The evidence related to improvement in clinical outcomes with the use of a test assesses the data linking use of the test to changes in health outcomes (clinical utility). Based on review of the literature no randomized or nonrandomized controlled studies were identified that compared health outcomes in patients when treatment decisions were made with or without the results of computerized dynamic posturography. Direct evidence of how computerized dynamic posturography can be used to improve health outcomes is lacking.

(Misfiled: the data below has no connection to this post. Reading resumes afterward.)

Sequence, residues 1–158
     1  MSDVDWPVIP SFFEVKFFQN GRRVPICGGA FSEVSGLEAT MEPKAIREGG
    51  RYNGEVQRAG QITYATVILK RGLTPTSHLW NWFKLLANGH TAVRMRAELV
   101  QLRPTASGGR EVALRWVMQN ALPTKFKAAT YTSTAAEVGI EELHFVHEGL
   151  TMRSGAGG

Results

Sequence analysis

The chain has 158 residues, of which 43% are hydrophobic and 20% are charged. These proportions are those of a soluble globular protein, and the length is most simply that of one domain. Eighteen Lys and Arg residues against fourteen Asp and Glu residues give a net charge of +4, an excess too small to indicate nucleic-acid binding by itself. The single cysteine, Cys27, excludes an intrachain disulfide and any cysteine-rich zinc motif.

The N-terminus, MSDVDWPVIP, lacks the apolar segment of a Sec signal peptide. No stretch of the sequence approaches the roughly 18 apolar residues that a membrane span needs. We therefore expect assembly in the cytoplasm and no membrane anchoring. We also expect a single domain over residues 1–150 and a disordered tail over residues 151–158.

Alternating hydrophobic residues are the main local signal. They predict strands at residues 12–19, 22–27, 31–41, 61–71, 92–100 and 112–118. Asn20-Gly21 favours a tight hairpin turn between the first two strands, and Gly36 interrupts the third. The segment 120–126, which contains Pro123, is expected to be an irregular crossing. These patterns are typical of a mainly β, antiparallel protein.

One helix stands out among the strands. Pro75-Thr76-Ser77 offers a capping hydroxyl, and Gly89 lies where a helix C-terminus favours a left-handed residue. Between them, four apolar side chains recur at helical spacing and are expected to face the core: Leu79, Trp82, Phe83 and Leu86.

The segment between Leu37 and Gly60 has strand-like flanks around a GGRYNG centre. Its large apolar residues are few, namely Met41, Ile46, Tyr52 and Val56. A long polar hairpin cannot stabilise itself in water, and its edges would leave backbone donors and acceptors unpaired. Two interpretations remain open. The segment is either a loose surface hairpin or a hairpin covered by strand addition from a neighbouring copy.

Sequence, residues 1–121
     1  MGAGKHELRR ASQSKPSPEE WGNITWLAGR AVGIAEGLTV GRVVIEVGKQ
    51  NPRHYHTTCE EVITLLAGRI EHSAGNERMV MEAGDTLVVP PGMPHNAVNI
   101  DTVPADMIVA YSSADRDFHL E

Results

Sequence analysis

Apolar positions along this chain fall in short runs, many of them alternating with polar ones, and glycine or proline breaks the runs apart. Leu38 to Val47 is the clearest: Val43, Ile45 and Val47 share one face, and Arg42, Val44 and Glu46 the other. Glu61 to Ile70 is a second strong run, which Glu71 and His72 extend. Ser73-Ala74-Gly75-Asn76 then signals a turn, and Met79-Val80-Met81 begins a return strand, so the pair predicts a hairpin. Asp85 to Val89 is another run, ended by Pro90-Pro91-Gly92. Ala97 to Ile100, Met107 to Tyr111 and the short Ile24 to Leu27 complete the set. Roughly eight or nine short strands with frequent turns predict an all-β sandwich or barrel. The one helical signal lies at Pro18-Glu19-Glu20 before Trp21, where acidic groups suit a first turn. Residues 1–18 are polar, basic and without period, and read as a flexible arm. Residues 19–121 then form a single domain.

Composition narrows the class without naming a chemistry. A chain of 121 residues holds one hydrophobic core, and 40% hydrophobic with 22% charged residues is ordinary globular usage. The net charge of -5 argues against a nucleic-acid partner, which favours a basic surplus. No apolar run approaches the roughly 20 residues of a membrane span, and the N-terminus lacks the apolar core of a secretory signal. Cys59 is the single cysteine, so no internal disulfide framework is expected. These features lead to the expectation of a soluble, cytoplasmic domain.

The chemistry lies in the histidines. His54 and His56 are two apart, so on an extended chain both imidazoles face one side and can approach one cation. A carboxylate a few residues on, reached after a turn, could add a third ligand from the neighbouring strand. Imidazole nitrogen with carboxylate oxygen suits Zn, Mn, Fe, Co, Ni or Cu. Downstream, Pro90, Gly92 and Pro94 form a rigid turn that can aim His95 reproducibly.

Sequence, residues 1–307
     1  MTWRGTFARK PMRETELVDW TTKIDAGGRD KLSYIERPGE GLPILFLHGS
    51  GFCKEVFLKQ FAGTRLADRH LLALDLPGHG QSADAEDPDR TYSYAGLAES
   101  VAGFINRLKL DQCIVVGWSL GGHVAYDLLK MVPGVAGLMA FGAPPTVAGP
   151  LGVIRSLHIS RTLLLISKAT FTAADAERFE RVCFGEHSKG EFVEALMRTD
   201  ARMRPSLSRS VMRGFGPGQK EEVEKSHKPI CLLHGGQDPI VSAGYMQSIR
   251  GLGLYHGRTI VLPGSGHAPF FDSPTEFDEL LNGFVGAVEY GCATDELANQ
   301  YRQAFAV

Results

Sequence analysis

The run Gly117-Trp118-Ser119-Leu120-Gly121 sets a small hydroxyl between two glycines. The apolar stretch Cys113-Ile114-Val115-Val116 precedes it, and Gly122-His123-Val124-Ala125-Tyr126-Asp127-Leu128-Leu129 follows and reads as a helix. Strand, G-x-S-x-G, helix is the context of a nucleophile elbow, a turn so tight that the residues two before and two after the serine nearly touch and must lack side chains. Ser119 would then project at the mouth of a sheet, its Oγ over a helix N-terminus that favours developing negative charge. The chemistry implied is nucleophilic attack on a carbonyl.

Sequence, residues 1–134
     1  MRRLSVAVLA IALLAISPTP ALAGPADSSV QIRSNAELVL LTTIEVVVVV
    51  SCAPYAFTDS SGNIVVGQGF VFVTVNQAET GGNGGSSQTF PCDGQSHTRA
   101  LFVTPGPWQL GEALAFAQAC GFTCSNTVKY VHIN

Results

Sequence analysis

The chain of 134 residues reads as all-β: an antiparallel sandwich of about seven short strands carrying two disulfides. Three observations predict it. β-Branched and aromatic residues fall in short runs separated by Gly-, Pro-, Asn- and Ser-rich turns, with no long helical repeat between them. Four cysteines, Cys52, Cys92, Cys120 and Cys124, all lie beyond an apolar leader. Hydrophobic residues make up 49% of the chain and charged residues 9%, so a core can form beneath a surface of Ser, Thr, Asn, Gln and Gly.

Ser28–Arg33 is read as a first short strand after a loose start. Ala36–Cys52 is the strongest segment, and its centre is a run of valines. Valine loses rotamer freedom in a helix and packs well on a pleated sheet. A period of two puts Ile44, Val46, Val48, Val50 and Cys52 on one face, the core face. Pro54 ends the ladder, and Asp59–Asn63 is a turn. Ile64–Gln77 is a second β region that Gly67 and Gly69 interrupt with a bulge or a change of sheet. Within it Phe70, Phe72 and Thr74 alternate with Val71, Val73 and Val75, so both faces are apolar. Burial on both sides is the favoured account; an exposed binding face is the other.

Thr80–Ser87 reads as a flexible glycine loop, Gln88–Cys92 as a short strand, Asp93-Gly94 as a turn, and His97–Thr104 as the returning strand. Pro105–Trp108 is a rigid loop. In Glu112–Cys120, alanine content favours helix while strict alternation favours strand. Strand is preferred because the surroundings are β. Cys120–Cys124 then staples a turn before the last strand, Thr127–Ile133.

Based on the peer reviewed medical literature the evidence for computerized dynamic posturography in individuals who have suspected balance disorders includes technical performance studies, cross-sectional comparisons of results in patients with balance disorders and healthy controls, and retrospective case series reporting outcomes of patients assessed with dyanamic posturography as part of clinical care. There are no generally accepted reference standards for computerized dynamic posturography (CDP), which makes it difficult to determine how the results can be applied in clinical care. There is a lack of evidence on test performance characteristics for clinically important conditions, such as identifying patients who are at risk of falls. There are no studies demonstrating the clinical utility of the test that would lead to changes in the management that improve health outcomes (e.g. symptoms and function). The evidence is insufficient to determine the effects of this technology on net health outcomes and therefore, computerized dynamic posturography (CDP) is considered investigational for all indications.